Zach Wilt: Breaking down the Orioles’ schedule in May

Talk about April showers. The Orioles will kick off May with a doubleheader against the Pirates beginning at 4:05 p.m. after their Tuesday and Wednesday matchups were postponed. We haven’t seen the O’s play since Sunday, April 27. I’m almost beginning to forget what this team looks like. And oh yeah, Manny Machado makes his long-awaited 2014 debut this afternoon/evening in Charm City.

As we say goodbye to April and welcome in May, it’s time to look ahead to the Orioles’ schedule for the next month. Over the next 31 days, the O’s will play 30 games - 12 at Camden Yards and 18 on the road. They’ll travel outside Baltimore on three separate road trips.

Here’s how that breaks down:

May 2-8: 6 games, 2 cities (at Minnesota and Tampa Bay)
May 15-21: 6 games, 2 cities (at Kansas City and Pittsburgh)
May 26-June 5: 10 games, 3 cities (at Milwaukee, Houston and Texas)

The Birds get off-days on May 5, 19 and June 2.

Sadly the Orioles have just two homestands this month. Their first is a six-game set against the Astros and Tigers (May 9-14). Then they host the Indians for four games (May 22-25). Needless to say, it’s a pretty difficult 31 days, but after 15 consecutive AL East games (a stretch in which the O’s went 9-6), May sort of seems like a piece of cake.

Four of the eight teams the Orioles face this month made the postseason in 2013, five of them had winning records. Of their eight May opponents, the Orioles only posted a mark above .500 against the Astros (4-2) and Tigers (4-2) last season. To be fair, they didn’t face the Pirates or Brewers in 2013, but went 11-9 in their interleague games.

Jumping ahead to the end of the month, the O’s travel to Milwaukee to play arguably the best team in baseball, the surprisingly strong Brewers (20-8). Former Baltimore reliever Francisco Rodriguez has reinvented himself with his old team and has recorded a major league-leading 13 saves this season. At 2.82, the Brewers’ team ERA is second in the majors and they’re holding opponents to a .222 batting average while allowing just barely over one man on base per inning. Their pitching is good - really good.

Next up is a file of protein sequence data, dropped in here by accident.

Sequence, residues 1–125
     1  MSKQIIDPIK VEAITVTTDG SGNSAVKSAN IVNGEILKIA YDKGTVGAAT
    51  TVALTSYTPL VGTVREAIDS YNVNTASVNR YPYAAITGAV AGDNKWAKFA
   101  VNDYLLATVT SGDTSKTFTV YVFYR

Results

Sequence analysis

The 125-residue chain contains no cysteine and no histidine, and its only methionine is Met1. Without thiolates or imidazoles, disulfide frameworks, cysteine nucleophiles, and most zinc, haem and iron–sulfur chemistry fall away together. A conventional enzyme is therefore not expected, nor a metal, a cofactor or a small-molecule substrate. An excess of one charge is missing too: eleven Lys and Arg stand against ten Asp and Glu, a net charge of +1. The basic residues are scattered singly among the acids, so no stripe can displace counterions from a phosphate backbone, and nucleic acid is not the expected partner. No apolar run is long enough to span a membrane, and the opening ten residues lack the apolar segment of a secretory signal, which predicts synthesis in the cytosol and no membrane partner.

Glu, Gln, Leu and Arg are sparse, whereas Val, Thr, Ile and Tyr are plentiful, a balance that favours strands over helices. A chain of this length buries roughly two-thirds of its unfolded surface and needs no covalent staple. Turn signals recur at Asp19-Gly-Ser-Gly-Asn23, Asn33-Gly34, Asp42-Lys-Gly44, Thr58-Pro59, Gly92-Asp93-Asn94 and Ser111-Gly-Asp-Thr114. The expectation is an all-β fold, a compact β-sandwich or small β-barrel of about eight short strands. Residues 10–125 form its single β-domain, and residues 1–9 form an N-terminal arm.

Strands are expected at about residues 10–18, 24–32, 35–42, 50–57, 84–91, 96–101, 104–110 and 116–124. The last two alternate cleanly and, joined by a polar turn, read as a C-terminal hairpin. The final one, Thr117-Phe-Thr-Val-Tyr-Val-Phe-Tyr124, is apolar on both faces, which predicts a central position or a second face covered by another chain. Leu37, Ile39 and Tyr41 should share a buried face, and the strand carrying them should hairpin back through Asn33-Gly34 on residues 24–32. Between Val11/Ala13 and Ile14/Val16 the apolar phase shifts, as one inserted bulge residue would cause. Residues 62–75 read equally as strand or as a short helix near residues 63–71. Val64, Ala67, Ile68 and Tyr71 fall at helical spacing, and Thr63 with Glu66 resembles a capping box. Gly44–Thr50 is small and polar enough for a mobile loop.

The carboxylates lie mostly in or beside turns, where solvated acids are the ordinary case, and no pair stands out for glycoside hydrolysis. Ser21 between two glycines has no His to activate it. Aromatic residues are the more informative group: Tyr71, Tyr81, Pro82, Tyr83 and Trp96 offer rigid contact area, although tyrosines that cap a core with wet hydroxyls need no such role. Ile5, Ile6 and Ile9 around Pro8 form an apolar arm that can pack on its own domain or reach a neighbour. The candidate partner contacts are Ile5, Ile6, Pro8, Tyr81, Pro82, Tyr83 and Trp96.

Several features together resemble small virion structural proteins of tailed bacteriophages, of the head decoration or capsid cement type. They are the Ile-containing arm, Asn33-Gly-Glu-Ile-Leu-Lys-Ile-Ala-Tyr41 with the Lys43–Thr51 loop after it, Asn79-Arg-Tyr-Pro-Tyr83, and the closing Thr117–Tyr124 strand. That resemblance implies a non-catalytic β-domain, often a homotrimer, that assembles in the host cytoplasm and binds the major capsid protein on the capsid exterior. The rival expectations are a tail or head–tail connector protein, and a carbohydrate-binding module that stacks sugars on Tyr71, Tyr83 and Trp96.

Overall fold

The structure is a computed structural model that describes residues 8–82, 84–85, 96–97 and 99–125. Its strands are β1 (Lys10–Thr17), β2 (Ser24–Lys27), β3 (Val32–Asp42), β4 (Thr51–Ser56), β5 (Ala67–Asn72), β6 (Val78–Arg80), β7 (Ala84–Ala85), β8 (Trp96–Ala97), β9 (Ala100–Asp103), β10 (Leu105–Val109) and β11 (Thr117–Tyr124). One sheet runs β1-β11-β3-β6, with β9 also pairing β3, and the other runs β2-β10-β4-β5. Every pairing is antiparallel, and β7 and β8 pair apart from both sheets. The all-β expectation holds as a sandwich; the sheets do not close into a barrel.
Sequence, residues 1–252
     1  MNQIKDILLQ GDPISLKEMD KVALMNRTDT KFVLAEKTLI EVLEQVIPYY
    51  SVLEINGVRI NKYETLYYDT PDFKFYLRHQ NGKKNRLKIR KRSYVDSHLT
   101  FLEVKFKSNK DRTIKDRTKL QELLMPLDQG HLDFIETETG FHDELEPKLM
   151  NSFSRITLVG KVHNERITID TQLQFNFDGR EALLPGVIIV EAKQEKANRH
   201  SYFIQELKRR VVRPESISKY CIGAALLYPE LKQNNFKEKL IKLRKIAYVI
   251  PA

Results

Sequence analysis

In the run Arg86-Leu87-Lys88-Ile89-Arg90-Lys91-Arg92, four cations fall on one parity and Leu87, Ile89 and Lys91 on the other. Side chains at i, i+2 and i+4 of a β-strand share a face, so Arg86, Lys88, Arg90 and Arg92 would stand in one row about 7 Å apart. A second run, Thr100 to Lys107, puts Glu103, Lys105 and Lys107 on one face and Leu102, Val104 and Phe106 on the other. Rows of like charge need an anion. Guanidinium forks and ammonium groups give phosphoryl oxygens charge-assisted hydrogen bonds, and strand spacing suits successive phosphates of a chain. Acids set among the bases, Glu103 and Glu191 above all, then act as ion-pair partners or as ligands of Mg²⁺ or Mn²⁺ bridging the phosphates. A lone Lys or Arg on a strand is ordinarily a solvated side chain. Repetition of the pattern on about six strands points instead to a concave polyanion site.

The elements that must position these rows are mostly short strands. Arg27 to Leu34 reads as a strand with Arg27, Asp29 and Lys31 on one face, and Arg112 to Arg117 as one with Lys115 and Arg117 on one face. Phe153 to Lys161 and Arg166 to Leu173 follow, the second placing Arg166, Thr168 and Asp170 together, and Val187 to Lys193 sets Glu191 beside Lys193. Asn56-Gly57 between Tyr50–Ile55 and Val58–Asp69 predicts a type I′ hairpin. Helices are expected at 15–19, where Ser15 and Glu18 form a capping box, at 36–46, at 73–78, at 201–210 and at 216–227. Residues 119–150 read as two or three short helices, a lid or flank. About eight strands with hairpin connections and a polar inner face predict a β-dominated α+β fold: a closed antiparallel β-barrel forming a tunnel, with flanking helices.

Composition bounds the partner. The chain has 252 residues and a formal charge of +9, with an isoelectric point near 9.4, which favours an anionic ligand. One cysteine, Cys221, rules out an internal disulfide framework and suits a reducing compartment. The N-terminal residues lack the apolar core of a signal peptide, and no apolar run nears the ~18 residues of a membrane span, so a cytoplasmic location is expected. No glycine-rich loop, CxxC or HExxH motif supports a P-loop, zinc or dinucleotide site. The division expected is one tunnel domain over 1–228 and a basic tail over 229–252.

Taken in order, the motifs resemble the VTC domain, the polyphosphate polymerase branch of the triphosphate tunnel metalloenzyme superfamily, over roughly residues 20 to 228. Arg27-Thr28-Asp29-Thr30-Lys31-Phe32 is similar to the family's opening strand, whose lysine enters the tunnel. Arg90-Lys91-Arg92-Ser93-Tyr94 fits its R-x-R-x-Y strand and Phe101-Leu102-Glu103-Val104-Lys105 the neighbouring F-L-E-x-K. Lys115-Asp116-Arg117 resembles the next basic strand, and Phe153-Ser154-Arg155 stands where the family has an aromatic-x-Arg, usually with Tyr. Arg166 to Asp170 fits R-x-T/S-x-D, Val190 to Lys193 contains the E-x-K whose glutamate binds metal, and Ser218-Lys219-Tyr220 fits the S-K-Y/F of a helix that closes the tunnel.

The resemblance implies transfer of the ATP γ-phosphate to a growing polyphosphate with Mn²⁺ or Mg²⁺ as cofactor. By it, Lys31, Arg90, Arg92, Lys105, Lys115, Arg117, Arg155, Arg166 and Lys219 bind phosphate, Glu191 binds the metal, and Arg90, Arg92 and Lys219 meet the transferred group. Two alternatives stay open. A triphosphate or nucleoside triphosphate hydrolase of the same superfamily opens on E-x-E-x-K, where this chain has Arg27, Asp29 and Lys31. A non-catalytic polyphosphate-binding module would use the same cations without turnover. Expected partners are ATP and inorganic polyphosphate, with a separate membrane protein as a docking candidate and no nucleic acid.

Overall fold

But let’s not get too far ahead of ourselves. May begins with a doubleheader against the Pittsburgh Pirates, then the O’s travel to PNC Park for another two game set on May 20-21. Pittsburgh is off to a slow 10-16 start this season and has lost nine of its last 12 games. As a team, the Pirates are slashing .221/.296/.351, which is music to the ears of Bud Norris and Chris Tillman. The O’s No. 1 starter has given up 10 earned runs in 10 2/3 innings pitched over his last two starts in Boston and Toronto, but will look to correct that this evening.

At .265, the Orioles’ team batting average ranks sixth in the league and with the addition of Machado, who just went 8-for-12 in an abbreviated rehab stint with the Single-A Frederick Keys, the Birds’ production at the dish should only rise over the next month. They’re also facing some rather hitter-friendly pitching over the next month. Four of the O’s eight opponents have a staff ERA of 4.28 or higher (Twins, Rays, Astros and Indians). Only the Royals, Pirates and Brewers pitching staffs have a team ERA that ranks in the top 15 in the league.

The Birds play in the toughest division in baseball, but only play one AL East team this month - the Rays from May 6-8 in Tampa Bay.’s Jeff Sullivan noted before the season began that the O’s have the most difficult projected strength of schedule this season, according to average opponent WAR. Based on all the data above, I’m guessing their May is much lighter than the rest of the year.

Of course, anything could happen over the next month. As the old sports cliche goes, that’s why the play the games.

Zach Wilt blogs about the Orioles at Baltimore Sports Report. Follow him on Twitter: @zamwi. His views appear here as part of’s season-long initiative of welcoming guest bloggers to our pages. All opinions expressed are those of the guest bloggers, who are not employed by but are just as passionate about their baseball as our roster of writers.

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